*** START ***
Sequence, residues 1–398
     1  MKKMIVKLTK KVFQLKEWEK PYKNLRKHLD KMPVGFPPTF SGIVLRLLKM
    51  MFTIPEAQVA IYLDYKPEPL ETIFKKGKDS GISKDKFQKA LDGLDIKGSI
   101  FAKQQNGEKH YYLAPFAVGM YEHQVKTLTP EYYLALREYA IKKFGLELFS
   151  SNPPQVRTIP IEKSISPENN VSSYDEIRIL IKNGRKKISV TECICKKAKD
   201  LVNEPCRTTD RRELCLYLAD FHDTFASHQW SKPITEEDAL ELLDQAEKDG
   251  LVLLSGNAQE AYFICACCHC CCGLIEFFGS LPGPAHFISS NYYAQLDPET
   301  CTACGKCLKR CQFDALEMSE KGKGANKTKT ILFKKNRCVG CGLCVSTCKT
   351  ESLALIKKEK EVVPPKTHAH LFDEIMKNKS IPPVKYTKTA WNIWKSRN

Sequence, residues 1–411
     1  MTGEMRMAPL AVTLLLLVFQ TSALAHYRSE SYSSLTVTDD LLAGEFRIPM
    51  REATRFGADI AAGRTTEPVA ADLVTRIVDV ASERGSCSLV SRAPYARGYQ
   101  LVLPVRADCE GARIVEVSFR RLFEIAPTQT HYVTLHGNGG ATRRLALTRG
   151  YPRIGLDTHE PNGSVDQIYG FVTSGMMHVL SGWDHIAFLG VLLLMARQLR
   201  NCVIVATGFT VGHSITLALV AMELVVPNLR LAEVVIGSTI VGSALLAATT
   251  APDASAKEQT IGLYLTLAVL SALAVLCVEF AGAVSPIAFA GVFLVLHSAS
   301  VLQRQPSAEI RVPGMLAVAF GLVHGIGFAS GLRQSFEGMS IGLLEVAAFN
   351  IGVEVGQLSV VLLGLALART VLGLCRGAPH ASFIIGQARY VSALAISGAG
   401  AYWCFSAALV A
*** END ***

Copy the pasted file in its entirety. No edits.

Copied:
Sequence, residues 1–398
     1  MKKMIVKLTK KVFQLKEWEK PYKNLRKHLD KMPVGFPPTF SGIVLRLLKM
    51  MFTIPEAQVA IYLDYKPEPL ETIFKKGKDS GISKDKFQKA LDGLDIKGSI
   101  FAKQQNGEKH YYLAPFAVGM YEHQVKTLTP EYYLALREYA IKKFGLELFS
   151  SNPPQVRTIP IEKSISPENN VSSYDEIRIL IKNGRKKISV TECICKKAKD
   201  LVNEPCRTTD RRELCLYLAD FHDTFASHQW SKPITEEDAL ELLDQAEKDG
   251  LVLLSGNAQE AYFICACCHC CCGLIEFFGS LPGPAHFISS NYYAQLDPET
   301  CTACGKCLKR CQFDALEMSE KGKGANKTKT ILFKKNRCVG CGLCVSTCKT
   351  ESLALIKKEK EVVPPKTHAH LFDEIMKNKS IPPVKYTKTA WNIWKSRN

Sequence, residues 1–411
     1  MTGEMRMAPL AVTLLLLVFQ TSALAHYRSE SYSSLTVTDD LLAGEFRIPM
    51  REATRFGADI AAGRTTEPVA ADLVTRIVDV ASERGSCSLV SRAPYARGYQ
   101  LVLPVRADCE GARIVEVSFR RLFEIAPTQT HYVTLHGNGG ATRRLALTRG
   151  YPRIGLDTHE PNGSVDQIYG FVTSGMMHVL SGWDHIAFLG VLLLMARQLR
   201  NCVIVATGFT VGHSITLALV AMELVVPNLR LAEVVIGSTI VGSALLAATT
   251  APDASAKEQT IGLYLTLAVL SALAVLCVEF AGAVSPIAFA GVFLVLHSAS
   301  VLQRQPSAEI RVPGMLAVAF GLVHGIGFAS GLRQSFEGMS IGLLEVAAFN
   351  IGVEVGQLSV VLLGLALART VLGLCRGAPH ASFIIGQARY VSALAISGAG
   401  AYWCFSAALV A